This chapter demonstrates that the composition of the labor market in a host country, the labor demands of the economy, and the related official indifference to migration can foster a gendered composition of migrants. Moreover, the gender and labor dynamics in a host country can illegalize immigration even if the legal infrastructure as well as political discourse does not condone such illegality. In this context, there arises an inevitable conflict across the legal framework, political discourse, and social reality as immigrants find work in the gendered and informal labor market despite the restrictive legal procedures regulating migration.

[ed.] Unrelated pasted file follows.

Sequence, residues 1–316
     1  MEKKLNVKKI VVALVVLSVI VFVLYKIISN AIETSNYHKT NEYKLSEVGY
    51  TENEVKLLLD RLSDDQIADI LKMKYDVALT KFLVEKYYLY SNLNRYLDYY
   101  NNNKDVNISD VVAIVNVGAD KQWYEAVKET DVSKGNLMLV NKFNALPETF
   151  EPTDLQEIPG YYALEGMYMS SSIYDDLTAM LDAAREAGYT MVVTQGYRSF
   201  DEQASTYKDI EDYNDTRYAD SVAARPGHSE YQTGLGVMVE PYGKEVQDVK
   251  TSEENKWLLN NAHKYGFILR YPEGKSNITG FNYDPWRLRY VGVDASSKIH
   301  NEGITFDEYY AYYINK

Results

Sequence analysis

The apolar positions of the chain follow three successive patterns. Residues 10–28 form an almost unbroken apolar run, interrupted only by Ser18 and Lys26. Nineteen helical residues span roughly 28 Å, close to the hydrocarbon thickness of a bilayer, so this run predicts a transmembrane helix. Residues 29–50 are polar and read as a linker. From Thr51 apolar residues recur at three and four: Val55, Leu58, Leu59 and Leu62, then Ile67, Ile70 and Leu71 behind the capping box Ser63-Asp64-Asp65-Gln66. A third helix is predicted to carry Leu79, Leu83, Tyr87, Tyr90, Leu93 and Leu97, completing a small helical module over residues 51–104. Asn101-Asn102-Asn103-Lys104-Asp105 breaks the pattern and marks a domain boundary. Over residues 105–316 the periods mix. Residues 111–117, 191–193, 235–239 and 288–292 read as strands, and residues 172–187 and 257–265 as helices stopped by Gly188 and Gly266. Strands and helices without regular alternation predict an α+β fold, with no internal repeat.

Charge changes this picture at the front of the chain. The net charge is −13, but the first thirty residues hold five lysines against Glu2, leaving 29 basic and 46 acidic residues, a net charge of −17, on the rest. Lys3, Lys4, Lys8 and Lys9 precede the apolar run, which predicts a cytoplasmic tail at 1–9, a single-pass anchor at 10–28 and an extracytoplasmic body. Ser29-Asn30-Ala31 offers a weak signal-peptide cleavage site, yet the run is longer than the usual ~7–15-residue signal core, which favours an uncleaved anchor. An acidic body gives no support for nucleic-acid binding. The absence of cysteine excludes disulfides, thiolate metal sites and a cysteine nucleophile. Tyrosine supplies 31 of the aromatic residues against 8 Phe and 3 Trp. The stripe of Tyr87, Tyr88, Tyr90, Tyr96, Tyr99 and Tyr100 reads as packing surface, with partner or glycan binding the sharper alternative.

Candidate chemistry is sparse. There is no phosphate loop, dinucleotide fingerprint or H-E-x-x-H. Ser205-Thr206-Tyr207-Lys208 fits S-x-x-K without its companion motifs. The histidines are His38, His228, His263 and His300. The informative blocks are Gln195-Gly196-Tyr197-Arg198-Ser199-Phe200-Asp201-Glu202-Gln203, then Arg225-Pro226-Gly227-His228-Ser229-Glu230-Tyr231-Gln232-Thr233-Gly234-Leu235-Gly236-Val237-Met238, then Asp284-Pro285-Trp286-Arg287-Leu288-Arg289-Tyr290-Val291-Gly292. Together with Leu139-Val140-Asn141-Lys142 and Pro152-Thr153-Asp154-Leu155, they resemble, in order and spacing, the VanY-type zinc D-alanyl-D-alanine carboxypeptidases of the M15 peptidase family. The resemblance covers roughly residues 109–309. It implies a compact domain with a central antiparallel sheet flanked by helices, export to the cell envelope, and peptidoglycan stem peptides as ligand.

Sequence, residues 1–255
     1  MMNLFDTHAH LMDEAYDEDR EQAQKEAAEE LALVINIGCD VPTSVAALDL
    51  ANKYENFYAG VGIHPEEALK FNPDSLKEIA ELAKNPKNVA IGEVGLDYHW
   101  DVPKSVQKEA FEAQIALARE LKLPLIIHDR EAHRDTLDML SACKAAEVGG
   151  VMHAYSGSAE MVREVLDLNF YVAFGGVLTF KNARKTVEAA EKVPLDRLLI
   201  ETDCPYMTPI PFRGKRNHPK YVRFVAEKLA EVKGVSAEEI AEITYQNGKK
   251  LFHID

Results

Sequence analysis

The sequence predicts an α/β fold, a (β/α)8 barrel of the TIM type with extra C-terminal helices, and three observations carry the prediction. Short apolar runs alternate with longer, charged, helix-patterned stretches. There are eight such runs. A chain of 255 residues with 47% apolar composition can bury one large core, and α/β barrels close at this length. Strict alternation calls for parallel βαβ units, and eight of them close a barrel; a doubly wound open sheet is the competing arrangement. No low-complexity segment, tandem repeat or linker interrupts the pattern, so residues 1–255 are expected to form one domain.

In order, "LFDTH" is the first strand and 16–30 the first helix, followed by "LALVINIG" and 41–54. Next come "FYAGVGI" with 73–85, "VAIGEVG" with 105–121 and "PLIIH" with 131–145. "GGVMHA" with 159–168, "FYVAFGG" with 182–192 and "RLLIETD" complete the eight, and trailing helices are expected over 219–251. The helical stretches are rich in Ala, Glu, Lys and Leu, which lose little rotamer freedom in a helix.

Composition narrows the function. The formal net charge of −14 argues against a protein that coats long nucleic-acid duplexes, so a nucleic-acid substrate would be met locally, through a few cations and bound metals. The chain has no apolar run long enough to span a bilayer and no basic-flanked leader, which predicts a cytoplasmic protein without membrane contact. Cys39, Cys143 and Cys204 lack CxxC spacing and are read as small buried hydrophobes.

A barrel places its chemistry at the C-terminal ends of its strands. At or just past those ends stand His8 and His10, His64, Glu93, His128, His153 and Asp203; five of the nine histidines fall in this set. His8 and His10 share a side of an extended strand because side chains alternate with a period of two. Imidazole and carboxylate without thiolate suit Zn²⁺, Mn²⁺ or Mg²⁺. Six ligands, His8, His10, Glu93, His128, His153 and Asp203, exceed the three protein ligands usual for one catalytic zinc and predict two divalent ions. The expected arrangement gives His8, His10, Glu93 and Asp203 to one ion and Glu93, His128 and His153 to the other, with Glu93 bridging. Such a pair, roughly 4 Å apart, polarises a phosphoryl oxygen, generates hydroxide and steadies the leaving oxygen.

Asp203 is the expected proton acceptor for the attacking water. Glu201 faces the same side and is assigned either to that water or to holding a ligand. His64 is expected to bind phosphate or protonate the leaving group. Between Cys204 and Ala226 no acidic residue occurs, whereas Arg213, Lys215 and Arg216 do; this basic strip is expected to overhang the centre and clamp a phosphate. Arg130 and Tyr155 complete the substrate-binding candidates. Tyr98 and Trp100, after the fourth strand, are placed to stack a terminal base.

|Title of host publication||The Discourses and Politics of Migration in Europe|
|Editors||U. Korkut, G. Bucken-Knapp, A. McGarry, J. Hinnfors, H. Drake|
|Place of Publication||New York|
|Number of pages||16|
|Publication status||Published - 2013|
- labor market
Eslen-Ziya, H., & Korkut, U. (2013). Domestic work, gender, and migration in Turkey: Legal framework enabling social reality . In U. Korkut, G. Bucken-Knapp, A. McGarry, J. Hinnfors, & H. Drake (Eds.), The Discourses and Politics of Migration in Europe (pp. 37-52). Palgrave Macmillan. https://doi.org/10.1057/9781137310903.0008